Socialization of Black Naval officers (Black officers experience a more traumatic socialization process upon entering the Navy than do their White peers due to certain differences between the broader Black and White subcultural socialization process
Ford, Jerry Wilson
McGonigal, Richard A.
Harris, Reuben T.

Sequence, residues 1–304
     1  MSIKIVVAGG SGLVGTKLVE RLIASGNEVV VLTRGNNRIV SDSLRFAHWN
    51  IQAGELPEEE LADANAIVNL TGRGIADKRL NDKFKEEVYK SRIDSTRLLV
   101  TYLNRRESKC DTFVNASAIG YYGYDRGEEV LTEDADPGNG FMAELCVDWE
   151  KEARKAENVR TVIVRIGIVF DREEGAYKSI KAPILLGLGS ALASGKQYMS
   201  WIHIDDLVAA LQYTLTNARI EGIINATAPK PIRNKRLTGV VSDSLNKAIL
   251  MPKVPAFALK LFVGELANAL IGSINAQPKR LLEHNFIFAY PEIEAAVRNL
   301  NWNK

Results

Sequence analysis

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This study was undertaken to assess the impact of the organizational socialization process as it pertains to the Black male Navy officers. The intent is to examine whether that process unduly traumatizes these minority officers and to determine if there are factors in the process which might impact negatively upon the recruitment, employment and retention of Blacks and other minorities into the officer ranks. Through the use of interviews, archival data, and some necessary subjective evaluations, the impact of the socialization phenomenon was analyzed using the three stage model of socialization: anticipatory stage, entry stage, and adaption stage. This model is based upon that formulated by Dr. M. Louis. The results of this study suggest that barriers exist to the full adaption or acculturalization of Blacks into the officer corps and that these barriers are mostly hidden from both Blacks and Whites. These barriers, it is noted, have little to do with malice but rather are erected and perpetuated through a lack of cultural awareness and literacy on the part of both groups. This study further concludes that Blacks have failed to be fully absorbed into the cultural milieau of the predominantly White officer corps but may have formed a sub-group of differently acculturated officers. This latter premise would suggest that the positive utilization of Black officers leaves much to be desired. The implication of these findings around the issues of women and other minorities entering the officer ranks along with recommendations for reducing these barriers to adequate socialization are included in the conclusion of this study.
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